Trial of CFF Suspects Scheduled for June

Twenty-eight suspected members of a rebel group that at­tacked government offices in Nov­ember will be tried next month, Phnom Penh court officials said.

The trial of the suspected Cam­bodian Freedom Fighters will likely take place the second week of June, said investigating Judge Ham Meang Se.

Because of the number of suspects, however, the trial will not be held in the Phnom Penh Mun­icipal Court, where the suspects were charged with terrorism and membership in an illegal armed force. Instead, the trial will be held in the newly refurbished Chak­to­muk Theater, said Ham Meang Se. He added that it took him four months to investigate the 28 cases.

Chaktomuk will also be the site of the planned tribunal of Khmer Rouge leaders.

Included in the group of 28 reb­els to be tried is Richard Kiri Kim, the self-confessed leader of the attack. Kiri Kim is the only Cambodian-American in custody for the Nov 24 raid that left as many as eight dead and a dozen injured.

David Chaniawa, lawyer for Kiri Kim, said he has not been notified of a trial date, but was told it will be soon. Chaniawa said he will argue that authorities have violated the Cambodian law forbidding suspects to be detained for more than six months before a trial. Kiri Kim was arrested Nov 25 at Siem Reap Airport.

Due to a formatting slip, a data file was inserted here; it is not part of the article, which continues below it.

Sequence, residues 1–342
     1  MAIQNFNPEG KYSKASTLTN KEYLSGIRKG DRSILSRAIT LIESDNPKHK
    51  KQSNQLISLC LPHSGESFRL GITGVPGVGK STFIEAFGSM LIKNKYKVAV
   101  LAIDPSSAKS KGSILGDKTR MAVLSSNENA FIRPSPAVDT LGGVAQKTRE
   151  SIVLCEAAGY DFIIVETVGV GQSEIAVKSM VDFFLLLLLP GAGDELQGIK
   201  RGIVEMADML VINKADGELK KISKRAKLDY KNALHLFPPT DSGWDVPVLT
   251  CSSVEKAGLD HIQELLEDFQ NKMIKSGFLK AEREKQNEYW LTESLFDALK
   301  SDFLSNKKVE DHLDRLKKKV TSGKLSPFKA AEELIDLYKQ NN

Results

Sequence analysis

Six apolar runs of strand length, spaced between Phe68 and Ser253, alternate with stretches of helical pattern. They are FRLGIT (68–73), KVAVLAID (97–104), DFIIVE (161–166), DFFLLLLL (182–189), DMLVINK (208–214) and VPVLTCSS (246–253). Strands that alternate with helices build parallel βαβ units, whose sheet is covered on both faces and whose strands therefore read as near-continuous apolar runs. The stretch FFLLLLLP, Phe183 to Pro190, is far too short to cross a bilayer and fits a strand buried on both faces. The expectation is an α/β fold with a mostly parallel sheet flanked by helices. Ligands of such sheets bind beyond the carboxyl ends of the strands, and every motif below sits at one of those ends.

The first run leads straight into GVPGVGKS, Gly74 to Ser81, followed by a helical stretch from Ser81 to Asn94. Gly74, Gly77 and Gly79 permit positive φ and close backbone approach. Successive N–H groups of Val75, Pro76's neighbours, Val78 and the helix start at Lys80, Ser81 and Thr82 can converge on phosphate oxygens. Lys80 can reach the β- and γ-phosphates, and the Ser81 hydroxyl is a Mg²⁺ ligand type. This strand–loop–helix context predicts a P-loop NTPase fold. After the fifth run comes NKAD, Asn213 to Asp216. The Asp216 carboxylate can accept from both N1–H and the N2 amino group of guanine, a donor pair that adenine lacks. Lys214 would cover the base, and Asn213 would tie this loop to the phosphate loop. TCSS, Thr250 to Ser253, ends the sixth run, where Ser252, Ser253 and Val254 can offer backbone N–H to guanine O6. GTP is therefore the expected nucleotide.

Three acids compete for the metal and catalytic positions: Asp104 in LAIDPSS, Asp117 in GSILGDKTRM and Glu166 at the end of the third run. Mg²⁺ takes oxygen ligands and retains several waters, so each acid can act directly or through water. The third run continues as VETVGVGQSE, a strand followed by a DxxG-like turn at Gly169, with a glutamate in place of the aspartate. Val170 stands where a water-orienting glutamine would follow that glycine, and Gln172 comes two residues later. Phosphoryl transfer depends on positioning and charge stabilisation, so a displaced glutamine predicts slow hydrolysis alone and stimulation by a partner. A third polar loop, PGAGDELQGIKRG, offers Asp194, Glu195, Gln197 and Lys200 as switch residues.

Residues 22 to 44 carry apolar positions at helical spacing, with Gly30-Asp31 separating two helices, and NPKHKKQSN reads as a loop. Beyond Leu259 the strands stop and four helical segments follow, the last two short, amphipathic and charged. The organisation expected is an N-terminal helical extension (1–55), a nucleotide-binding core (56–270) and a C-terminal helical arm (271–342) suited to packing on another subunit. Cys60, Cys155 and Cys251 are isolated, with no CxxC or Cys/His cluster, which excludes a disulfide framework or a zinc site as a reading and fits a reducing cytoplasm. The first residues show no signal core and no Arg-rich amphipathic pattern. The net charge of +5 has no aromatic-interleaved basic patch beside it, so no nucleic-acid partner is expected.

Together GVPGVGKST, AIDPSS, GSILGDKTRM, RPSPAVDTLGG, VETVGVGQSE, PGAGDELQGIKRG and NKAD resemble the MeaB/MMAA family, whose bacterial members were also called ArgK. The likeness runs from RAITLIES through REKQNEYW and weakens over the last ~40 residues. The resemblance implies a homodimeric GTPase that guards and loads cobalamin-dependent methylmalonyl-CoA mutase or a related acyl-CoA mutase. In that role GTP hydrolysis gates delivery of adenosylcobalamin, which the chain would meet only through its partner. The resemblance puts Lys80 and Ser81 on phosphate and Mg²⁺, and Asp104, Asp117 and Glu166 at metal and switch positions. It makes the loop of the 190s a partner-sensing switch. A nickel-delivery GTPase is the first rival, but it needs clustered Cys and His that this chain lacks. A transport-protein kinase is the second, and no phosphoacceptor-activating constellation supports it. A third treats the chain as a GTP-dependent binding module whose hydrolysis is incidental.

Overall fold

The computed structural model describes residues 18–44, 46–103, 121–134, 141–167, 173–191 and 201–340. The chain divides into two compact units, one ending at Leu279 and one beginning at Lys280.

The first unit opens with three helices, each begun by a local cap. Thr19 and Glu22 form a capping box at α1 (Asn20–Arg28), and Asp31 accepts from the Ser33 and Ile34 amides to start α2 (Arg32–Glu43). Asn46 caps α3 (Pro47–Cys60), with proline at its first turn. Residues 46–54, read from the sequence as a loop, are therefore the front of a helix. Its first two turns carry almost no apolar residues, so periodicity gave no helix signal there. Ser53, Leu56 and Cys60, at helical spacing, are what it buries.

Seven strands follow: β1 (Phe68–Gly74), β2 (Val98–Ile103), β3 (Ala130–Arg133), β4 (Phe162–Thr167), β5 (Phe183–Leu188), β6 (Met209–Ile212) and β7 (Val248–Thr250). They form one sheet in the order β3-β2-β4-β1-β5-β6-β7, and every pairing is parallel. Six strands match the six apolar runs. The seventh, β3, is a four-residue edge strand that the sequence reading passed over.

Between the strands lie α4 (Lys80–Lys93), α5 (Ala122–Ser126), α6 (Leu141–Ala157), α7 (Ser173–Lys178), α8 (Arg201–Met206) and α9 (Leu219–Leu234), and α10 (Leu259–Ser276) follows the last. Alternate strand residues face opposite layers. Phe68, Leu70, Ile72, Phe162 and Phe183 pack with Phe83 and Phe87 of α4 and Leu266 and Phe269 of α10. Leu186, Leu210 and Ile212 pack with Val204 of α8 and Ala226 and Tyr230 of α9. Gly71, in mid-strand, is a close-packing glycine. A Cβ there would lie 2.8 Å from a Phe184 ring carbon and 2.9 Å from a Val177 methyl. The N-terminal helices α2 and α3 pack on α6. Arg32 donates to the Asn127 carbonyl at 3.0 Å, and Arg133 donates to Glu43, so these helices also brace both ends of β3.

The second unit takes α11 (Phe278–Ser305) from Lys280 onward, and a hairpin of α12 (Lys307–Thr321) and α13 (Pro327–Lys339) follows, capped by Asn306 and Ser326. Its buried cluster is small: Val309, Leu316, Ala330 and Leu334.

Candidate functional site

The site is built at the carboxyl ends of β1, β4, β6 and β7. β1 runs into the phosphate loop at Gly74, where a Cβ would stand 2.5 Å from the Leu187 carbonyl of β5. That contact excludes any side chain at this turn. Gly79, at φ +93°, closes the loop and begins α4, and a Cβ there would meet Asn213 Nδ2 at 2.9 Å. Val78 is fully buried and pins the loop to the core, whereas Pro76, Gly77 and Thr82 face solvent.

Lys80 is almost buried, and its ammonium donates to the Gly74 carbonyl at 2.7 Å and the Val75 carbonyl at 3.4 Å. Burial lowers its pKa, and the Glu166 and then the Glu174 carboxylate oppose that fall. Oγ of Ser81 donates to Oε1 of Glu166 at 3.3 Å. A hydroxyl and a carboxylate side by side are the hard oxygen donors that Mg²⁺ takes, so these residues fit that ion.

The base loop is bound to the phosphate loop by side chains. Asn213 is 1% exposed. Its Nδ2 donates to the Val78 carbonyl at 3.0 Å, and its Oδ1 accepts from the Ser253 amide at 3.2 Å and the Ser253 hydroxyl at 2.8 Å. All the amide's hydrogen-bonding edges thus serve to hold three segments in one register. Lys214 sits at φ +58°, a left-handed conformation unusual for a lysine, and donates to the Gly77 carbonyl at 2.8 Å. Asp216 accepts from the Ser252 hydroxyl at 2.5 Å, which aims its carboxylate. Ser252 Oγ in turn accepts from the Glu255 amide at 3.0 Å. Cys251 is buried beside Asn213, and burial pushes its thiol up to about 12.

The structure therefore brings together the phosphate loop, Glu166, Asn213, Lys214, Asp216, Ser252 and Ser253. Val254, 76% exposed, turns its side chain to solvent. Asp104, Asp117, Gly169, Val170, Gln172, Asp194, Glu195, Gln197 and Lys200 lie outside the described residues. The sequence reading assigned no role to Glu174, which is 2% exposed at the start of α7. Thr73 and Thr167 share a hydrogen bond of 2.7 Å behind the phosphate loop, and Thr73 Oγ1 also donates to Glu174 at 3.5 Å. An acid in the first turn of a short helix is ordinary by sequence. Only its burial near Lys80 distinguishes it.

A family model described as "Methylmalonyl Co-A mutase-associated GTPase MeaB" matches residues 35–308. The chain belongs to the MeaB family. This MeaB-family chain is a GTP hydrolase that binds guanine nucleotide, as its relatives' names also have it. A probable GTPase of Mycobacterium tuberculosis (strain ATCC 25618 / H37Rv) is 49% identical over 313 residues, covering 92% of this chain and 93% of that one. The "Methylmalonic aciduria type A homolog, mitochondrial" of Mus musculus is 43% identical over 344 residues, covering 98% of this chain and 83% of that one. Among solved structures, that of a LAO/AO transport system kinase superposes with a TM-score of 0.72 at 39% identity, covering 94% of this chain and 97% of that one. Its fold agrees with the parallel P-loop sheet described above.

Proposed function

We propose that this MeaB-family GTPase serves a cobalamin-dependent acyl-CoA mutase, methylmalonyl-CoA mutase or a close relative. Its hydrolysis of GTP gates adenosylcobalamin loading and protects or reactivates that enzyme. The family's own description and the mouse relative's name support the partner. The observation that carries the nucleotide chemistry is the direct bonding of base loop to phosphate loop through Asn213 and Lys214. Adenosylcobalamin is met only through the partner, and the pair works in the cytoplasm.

Chaniawa also said he has been prohibited from visiting his client since January, but will keep trying to see Kiri Kim before the trial.

The Cambodian Bar Associ­ation has filed a complaint at the Ministry of Interior, stating that lawyers for the CFF suspects should be allowed to see their clients, said Bun Honn, association secretary-general.

Lawyers for CFF suspects must file an application to see their clients, according to an order by the Ministry of Interior. But according to Article 80, law­yers should be allowed to see their clients without filing an application, Bun Honn said.

Chhum Saophea, a lawyer for six CFF suspects, said he was able to see his clients three times shortly after they were arrested. But in recent months, the Min­istry of Interior has become more strict and has prevented him from seeing the prisoners.

Ministry of Interior spokesman Khieu Sopheak said his ministry has never rejected a request from a lawyer to see his client. He added that in the case of the CFF suspects, it is up to the courts to grant law­yers permission to interview their clients in prison, not the Interior Ministry.

More than 50 people suspected of being CFF members have been charged over the past several months. The remaining suspects will be tried in future, court officials said.



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